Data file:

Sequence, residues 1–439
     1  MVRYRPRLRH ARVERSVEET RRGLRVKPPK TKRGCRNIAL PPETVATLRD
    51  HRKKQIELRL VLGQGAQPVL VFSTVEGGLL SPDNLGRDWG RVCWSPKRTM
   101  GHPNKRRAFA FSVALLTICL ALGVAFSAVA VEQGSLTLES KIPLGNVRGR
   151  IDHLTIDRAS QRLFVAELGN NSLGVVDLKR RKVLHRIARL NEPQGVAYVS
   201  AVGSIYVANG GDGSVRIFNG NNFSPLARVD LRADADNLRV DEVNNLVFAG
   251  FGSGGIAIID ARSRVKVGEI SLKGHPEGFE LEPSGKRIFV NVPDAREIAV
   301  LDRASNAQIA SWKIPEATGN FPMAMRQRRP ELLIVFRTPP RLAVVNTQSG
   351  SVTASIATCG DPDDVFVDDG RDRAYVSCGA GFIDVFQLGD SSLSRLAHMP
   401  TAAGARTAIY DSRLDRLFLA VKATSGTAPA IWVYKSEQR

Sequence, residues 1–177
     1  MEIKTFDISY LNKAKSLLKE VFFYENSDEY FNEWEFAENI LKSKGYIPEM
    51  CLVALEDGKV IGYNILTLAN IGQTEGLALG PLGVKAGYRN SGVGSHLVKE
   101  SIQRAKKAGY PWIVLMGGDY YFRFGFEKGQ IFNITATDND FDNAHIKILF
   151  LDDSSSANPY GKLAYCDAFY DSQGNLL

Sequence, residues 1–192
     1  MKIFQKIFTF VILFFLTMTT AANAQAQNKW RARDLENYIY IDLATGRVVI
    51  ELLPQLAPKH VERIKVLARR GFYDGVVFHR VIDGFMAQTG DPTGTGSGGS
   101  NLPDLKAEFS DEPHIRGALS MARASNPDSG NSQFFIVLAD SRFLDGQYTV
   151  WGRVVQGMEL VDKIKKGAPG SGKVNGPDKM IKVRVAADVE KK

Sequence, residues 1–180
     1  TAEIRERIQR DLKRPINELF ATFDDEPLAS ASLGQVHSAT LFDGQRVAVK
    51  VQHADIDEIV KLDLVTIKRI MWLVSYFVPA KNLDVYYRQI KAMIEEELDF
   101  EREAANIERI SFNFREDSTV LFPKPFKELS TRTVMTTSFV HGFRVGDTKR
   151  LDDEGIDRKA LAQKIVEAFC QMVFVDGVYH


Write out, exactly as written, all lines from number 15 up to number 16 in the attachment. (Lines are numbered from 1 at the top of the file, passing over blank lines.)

   151  LDDSSSANPY GKLAYCDAFY DSQGNLL

Sequence, residues 1–192